19. Oktober 2020, 12:00 Uhr | Ralf Higgelke
Dr. Peter Friedrichs is Senior Director SiC at Infineon as well as a member of the ECPE board and co-chair of the SiC subcommittee at JEDEC, which deals with the standardization of wide-bandgap semiconductors.
Infineon continuously expands its portfolio of silicon carbide devices. So we asked Dr. Peter Friedrichs, Senior Director SiC, how much progress is being made on a second generation of SiC MOSFETs and how prices for raw wafers could drop faster.
DESIGN&ELEKTRONIK: Dr. Friedrichs, what is Infineon's current focus with regard to silicon carbide?
Dr. Peter Friedrichs: Regarding products, we concentrate to continuously expand our SiC portfolio. We have established a very good foundation in silicon carbide with our first-generation trench-based 1200-Volt SiC MOSFETs. We are now expanding this significantly with regard to voltage classes and other packages. By the end of this year, we intend to offer the largest portfolio of almost 200 SiC products, if we combine discrete MOSFETs and modules as well as diodes.
Figure 1: Infineon's first-generation SiC MOSFETs already have very low losses; the next generation should be able to handle even more power.
From a technological perspective, we have advanced the development of a second generation of our trench-based SiC MOSFETs. Our customers have confirmed that with our first generation we have a high quality and robust product on the market. Today, we are already ahead of the competition, if you take the particularly relevant turn-on losses as the main criterion for evaluating today's SiC MOSFETs (see Fig. 1; editor's note).
D&E: What will be changing in the second generation?
Friedrichs: Up to now, SiC MOSFETs have mainly been used in specific applications, such as solar inverters or EV chargers. There is already a mass market for them. With the upcoming second generation, we expect to offer a technology that will open up many more applications for silicon carbide. Thanks to technical advantages such as a higher current-carrying capacity and a larger safe operating range, the available market will be significantly enlarged once again.
Figure 2: Even if the SiC raw wafer prices come down, their contribution to the overall component costs must also fall
D&E: Silicon carbide is a very expensive substrate. What actions has Infineon taken to reduce these costs?
Friedrichs: Even if we see the wafer price coming down, the cost of the base material will continue to be significantly higher for silicon carbide than for silicon. This is fundamentally caused by the expensive and time-consuming manufacturing process (see Figure 2; editor's note). If you break down the costs of an electronic component, you will find out quickly that the raw wafer accounts for more than half of the total device costs. If the costs of an SiC device have to be reduced, then we have to reduce this share.
For this purpose, we acquired Siltectra in November 2018 for example. This Dresden-based company has developed a technology called Cold Split, which enables us to use raw wafers more efficiently. We have announced that we will take this technology to commercial maturity. And we have already accomplished about one third of this journey.
D&E: Could you please disclose more about it?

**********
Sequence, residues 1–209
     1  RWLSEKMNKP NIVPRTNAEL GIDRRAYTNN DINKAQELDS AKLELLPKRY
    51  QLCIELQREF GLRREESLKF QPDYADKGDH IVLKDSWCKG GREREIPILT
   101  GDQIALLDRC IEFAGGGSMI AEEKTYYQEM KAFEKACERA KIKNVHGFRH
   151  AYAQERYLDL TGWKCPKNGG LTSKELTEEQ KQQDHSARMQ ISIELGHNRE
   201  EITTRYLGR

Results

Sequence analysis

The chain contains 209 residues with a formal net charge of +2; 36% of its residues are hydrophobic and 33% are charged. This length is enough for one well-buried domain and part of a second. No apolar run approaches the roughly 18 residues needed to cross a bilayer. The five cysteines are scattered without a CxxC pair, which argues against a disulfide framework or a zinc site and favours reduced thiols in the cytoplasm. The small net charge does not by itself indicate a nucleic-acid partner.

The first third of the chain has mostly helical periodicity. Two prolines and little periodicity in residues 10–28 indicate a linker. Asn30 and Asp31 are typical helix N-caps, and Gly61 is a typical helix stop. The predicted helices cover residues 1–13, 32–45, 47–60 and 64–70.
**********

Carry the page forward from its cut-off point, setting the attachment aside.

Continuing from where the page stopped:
Figure 3: With the separation process named Cold Split, a large part of the path to industrialization has been taken. Wafer splitting is expected to be ready for volume production in 2022 and boule splitting one year later.
Friedrichs: Sure. When we acquired Siltectra, this start-up had an impressive lab demonstrator as proof of concept. To bring this system to an operational level so that it fits into a mass manufacturing environment, we had to develop completely new process equipment (see Fig. 3; editor's note). There was nothing to buy off the shelf. Together with proven partners, we have designed semi-automatic equipment and installed it at Siltectra in Dresden. Until the end of 2020, a new clean room will be built there. This will enable us to integrate the cold-split technology step by step into the manufacturing process for some first products.
D&E: When do you expect Cold Split to be available for industrial use and to be productive?
Friedrichs: We expect the so-called twinning to be up and running by 2022. By twinning I mean that a standard SiC wafer that has already been processed is divided into two thinner ones. The lower wafer can be processed in this way as well. Due to some developments on the raw material market we expect that in the near future the so-called boules for splitting will also become available.
Figure 4: By using Cold Split, about 50 raw wafers are to be obtained from the same boule (raw crystal), from 2025 onwards about 130. This will significantly lower the relative substrate costs.
These boules are the raw SiC crystals from which the wafers are sawn. If boules are available, we want to use the cold-split technology also for the so-called boule splitting (see picture 4; editor's note). This should enable us to at least double the number of raw SiC wafers we can manufacture with one boule. This separation technique – when used for both boule and wafer splitting – is certainly the most efficient way to use this very expensive raw material in the long term.
D&E: Dr. Friedrichs, thank you very much for your time.
The interview was conducted by Ralf Higgelke.